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Tube recommendations for stiff touring/commuting bike

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Tube recommendations for stiff touring/commuting bike

Old 02-08-19, 08:36 AM
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audiisaac
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Tube recommendations for stiff touring/commuting bike

Hi All!,

Im looking for thoughts and recommendation on tube selection for my first (technically second) frame build. I am a fairly accomplished metal worker so am 100% confidant in my ability to fabricate the frame but dont have any experience designing frames. This frame will replace my current bike (1st gen Salsa Vaya Ti) as mostly a commuter bike. My main gripe with the Vaya is when loaded with 5+ pounds in a front rack bag and rear panniers with 10-15 pounds its WAY too flexy. Im about 195 pounds and 6'-2" and ride a 58-60cm frame so am on the larger size. The Vaya flexes has so much torsional flex that its jumps around when hammering out of the saddle and is a little uncontroable. If I am not careful it will shimmy when riding with no hands. I can get the bike to wiggle all over the road with a little shake of the bars. I would like this new frame to not flex in the same way so am thinking of building the frame with Nova's 38mm DT 8-5-8 29er tubeset. Is this a good choice? Should I jump up to the 42MM set or will 38mm be too much and I should go do down to 35mm DT? I have 38mm tires on the bike and will be using that to smooth out the ride. Any thoughts or recommendations on tubing choices would be greatly appreciated!
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Old 02-08-19, 10:54 AM
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Andrew R Stewart 
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It is trendy to focus far more on tubing diameter, I have done much the same at times too. But as a commuter and touring bike the wall thickness is a factor I would not diminish too much. One of the issues I have with current steel tube selections is that it's skewed towards the performance field. So as the diameter grows the availability of thick (.6 or .7 in the thin sections for main tubes) has gotten less. Dent resistance, wall strength WRT the braze ons locations are two factors that racing frames see little need for (the concept of a true racing frame being a life long item goes against what about every racer does with his equipment).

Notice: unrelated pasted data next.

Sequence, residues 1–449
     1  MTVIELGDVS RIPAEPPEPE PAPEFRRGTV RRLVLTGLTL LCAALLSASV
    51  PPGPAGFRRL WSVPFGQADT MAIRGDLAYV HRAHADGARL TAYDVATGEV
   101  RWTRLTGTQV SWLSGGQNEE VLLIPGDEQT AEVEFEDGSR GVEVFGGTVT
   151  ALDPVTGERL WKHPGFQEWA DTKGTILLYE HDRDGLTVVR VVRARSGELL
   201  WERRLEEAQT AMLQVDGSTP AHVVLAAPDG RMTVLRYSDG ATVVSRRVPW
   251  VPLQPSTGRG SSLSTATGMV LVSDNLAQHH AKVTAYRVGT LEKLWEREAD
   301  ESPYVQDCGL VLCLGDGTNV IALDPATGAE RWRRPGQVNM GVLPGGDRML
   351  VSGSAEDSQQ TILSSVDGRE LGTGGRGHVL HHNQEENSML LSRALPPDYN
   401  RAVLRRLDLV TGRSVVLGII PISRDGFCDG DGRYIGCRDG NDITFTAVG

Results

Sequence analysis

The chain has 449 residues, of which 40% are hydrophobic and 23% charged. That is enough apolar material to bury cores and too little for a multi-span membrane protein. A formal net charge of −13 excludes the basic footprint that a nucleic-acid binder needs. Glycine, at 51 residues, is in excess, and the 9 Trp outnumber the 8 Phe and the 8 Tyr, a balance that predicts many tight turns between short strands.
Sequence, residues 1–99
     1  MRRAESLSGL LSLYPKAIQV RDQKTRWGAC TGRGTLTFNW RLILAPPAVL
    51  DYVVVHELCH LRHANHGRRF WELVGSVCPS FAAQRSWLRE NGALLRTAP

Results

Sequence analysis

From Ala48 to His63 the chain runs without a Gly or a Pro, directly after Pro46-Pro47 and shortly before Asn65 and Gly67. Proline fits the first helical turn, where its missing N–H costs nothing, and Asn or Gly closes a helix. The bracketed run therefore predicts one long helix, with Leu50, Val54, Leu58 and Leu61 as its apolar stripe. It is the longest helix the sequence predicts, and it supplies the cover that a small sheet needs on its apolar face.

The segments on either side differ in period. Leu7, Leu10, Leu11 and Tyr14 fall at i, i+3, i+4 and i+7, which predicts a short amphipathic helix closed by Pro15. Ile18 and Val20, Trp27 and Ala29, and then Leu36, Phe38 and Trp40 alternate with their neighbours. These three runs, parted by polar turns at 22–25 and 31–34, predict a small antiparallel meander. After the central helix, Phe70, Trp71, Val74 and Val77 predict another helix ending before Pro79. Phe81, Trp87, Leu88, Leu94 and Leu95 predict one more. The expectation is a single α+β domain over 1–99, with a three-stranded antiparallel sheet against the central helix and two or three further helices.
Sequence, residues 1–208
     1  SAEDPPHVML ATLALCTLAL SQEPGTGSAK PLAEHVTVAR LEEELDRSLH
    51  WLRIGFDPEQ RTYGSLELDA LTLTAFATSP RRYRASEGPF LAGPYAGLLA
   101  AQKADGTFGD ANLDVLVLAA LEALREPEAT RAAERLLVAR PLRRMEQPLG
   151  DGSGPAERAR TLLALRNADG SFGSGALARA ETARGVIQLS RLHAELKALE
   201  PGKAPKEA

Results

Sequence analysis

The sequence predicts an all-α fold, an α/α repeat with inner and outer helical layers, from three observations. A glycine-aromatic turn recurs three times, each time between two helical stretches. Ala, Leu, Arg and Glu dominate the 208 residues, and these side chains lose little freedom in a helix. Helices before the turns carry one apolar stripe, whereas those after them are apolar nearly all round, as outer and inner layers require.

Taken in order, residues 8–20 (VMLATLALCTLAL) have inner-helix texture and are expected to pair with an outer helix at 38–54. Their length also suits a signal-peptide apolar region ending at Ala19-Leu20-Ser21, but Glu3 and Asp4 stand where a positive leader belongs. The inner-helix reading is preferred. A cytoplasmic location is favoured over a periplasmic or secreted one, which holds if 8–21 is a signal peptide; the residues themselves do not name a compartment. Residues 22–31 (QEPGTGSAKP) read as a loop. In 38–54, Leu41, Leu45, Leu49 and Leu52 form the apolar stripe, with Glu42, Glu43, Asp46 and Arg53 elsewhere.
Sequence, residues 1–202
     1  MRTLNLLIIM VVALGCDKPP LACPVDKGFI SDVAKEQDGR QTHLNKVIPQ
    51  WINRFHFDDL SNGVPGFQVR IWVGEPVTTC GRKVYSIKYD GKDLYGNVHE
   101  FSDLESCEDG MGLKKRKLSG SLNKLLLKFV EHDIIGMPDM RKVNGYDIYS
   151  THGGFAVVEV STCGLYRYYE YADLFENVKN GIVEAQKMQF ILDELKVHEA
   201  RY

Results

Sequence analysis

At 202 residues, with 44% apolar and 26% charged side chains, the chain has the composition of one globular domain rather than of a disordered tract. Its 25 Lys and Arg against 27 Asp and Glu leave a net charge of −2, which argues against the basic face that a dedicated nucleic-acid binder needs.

Will you build your own fork? IME the fork's stiffness (more the lateral then the more usually talked about vertical) says a lot about frame flex under loaded conditions. When I moved from a 1" steerer to a 1.125" steerer the improvement in the stability (WRT flexing) was dramatic. This might be a good situation for a tapered steerer with a 1.25 base. I would not suggest a wall thickness less them .6 if at all possible on the main frame for the greater durability that a working bike needs. I would increase the top tube diameter to equal the DT, with load the TT sees a lot of stress. I would not think a 42mm DT would be needed, I think the huge DT diameters are more about long travel suspension fork leverage being dealt with then increasing main frame stiffness under pedaling or for handling. Touring weight stays and blades will also be a good choice, perhaps those that are suggested for disk brakes?

What BB are you planning? The big tubes start to overlap a bunch with a traditional ENG threaded shell. But the serviceability and wide range of options that that threaded BB offers is hard to beat too. I wish that the T47 standard was more common.

You want a solid and stable bike that withstands the daily abuse that a commuter sees. You wand a stiff enough bike to handle well when loaded with a touring set up. This frame, in steel, will weight more then is trendy. I doubt you'll ever find out that the added weight held you back from the intended riding. But I do suspect that too light a frame will cause pause at some times. Andy
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Old 02-08-19, 11:56 AM
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Originally Posted by Andrew R Stewart View Post
It is trendy to focus far more on tubing diameter, I have done much the same at times too. But as a commuter and touring bike the wall thickness is a factor I would not diminish too much. One of the issues I have with current steel tube selections is that it's skewed towards the performance field. So as the diameter grows the availability of thick (.6 or .7 in the thin sections for main tubes) has gotten less. Dent resistance, wall strength WRT the braze ons locations are two factors that racing frames see little need for (the concept of a true racing frame being a life long item goes against what about every racer does with his equipment).